Par Jake Spring et Pedro Fonseca
BRAZIL (Reuters) – Brazil on Wednesday registered a record number of new cases of the new coronavirus, surpassing France’s record to become the sixth most affected country, as the disease sends the economy into its worst year since at least 1900 .
The government has confirmed 11,385 new cases in the past 24 hours, bringing the total to 188,974 cases of coronavirus since the start of the epidemic. On Wednesday morning, France revised its total number of confirmed and suspect cases down 0.3% to 177,700.
The pandemic has hit Brazil’s economy as residents take shelter in their homes, and many local and state governments have ordered most businesses to close to slow the spread of the virus.
Brazilian President Jair Bolsonaro has locked the horns with state governors for weeks during the closings, saying they are causing more damage by losing jobs than the disease itself.
The economy ministry predicted on Wednesday that Brazil’s economy would contract by 4.7% in 2020, the largest annual decline since the records started more than a century ago.
The ministry estimates that each additional week of quarantine measures costs the economy 20 billion reais ($ 3.40 billion).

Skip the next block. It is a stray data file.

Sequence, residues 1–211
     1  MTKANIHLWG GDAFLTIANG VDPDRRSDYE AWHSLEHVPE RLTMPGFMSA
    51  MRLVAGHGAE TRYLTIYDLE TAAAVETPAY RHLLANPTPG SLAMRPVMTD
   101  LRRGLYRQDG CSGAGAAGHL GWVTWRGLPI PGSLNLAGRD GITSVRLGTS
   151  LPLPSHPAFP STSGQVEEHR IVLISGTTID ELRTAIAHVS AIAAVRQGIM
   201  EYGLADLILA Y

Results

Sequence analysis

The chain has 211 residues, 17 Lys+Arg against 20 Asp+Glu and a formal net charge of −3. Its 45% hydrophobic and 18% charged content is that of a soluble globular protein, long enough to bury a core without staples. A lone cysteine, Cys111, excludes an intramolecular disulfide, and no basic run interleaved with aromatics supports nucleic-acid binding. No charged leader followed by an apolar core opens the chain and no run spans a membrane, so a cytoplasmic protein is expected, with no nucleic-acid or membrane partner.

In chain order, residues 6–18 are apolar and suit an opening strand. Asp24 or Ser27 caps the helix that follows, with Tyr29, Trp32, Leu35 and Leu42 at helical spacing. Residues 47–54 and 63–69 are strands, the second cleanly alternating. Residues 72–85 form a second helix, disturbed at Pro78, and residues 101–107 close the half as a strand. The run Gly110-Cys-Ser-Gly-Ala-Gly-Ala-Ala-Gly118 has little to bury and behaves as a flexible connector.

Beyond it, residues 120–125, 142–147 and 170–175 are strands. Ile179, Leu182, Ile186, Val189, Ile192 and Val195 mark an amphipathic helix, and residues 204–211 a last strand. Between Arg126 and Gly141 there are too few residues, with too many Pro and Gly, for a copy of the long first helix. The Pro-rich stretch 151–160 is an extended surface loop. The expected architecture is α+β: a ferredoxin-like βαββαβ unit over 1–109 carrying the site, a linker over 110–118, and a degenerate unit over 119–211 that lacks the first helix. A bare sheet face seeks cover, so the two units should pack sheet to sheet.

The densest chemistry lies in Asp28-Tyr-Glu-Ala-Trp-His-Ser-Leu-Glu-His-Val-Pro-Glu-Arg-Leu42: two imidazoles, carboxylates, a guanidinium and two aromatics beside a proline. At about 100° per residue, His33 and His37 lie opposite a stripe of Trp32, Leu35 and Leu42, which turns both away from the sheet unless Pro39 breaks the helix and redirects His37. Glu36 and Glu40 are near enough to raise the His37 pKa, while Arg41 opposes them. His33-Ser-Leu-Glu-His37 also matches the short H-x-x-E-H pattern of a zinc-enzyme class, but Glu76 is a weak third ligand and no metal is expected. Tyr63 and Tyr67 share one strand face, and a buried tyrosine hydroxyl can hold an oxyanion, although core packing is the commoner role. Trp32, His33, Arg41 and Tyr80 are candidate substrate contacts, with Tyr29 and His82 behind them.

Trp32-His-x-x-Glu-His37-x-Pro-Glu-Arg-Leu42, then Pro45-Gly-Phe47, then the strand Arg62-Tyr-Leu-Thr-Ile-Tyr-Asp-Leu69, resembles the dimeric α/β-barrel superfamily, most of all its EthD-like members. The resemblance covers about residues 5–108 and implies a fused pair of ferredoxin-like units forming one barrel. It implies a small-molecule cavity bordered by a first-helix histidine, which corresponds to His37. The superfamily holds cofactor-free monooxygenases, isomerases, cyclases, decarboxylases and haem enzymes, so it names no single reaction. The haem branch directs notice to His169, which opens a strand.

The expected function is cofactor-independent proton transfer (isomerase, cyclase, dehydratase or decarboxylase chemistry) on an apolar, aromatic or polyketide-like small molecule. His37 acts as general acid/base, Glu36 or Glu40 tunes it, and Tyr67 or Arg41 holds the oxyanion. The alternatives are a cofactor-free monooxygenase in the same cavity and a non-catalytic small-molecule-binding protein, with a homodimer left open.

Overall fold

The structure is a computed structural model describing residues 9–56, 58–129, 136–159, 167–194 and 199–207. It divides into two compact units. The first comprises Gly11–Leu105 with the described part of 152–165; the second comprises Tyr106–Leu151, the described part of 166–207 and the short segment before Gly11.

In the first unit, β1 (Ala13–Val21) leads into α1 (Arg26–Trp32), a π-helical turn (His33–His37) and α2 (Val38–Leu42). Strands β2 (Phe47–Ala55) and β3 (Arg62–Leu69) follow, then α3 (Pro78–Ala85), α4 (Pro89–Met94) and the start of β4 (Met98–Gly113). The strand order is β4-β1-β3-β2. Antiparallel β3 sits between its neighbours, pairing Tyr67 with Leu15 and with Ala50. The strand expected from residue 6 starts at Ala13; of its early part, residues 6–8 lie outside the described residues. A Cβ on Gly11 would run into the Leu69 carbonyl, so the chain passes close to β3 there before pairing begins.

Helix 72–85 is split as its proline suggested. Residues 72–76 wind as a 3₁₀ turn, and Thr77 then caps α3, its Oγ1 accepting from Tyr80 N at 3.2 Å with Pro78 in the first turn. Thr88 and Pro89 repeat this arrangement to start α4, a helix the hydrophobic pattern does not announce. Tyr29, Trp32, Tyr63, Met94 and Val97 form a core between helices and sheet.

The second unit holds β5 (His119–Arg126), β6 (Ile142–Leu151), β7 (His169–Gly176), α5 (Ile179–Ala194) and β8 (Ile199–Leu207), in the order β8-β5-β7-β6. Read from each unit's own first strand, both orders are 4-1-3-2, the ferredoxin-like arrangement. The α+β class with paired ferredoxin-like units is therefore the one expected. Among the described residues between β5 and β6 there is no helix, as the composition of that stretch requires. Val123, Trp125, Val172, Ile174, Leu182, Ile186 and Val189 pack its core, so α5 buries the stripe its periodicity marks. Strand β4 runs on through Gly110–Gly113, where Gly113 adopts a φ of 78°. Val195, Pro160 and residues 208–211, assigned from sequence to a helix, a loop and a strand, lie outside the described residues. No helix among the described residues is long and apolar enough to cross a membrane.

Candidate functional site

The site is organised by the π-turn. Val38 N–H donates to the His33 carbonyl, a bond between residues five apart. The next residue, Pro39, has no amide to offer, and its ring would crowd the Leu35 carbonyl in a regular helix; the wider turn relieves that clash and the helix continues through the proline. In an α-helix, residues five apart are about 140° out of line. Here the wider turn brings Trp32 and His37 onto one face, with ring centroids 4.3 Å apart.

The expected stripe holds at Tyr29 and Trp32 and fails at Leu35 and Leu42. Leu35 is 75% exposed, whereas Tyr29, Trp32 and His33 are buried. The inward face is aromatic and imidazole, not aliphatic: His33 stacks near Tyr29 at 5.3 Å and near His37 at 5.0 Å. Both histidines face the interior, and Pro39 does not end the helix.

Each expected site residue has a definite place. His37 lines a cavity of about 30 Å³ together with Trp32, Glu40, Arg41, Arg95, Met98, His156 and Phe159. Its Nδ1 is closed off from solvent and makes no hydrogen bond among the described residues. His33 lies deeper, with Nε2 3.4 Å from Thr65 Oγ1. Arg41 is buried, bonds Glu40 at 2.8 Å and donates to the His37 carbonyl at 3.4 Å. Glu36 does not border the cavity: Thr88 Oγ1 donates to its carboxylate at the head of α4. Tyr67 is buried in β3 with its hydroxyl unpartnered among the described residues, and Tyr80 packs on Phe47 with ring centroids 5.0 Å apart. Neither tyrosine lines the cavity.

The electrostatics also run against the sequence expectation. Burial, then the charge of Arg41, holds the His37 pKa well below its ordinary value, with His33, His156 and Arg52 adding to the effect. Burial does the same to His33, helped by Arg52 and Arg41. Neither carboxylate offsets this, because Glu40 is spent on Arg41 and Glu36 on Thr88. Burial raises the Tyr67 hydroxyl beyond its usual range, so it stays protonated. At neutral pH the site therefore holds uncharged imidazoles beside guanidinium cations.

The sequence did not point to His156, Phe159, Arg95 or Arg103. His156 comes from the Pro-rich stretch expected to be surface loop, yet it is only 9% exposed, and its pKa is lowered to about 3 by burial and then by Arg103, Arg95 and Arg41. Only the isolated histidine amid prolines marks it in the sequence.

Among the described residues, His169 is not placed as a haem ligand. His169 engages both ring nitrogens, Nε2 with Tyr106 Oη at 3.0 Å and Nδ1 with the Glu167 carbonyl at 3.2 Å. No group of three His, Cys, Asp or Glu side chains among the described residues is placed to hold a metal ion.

“It will reach the point where hungry people take to the streets,” Bolsonaro said Wednesday.
He stepped up the fight this week by declaring gymnasiums and beauty salons to be “essential” services that can open, threatening legal action against local governments that fail to comply.
Sao Paulo, Brazil’s most populous state with the highest number of virus infections, will not comply with Bolsonaro’s decree, Governor Joao Doria said on Wednesday, echoing comments from at least 10 other governors.
The five countries that have had more infections than Brazil are the United States, Spain, Russia, the United Kingdom and Italy.
Brazil recorded Wednesday 749 new deaths due to the coronavirus, bringing the global balance to 13,149.
(Report by Jake Spring in Brasilia and Pedro Fonseca in Rio de Janeiro; additional reports by Marcela Ayers, Lisandra Paraguassu and Jamie McGeever in Brasilia and Eduardo Simoes in Sao Paulo; edited by Christian Plumb and Sam Holmes)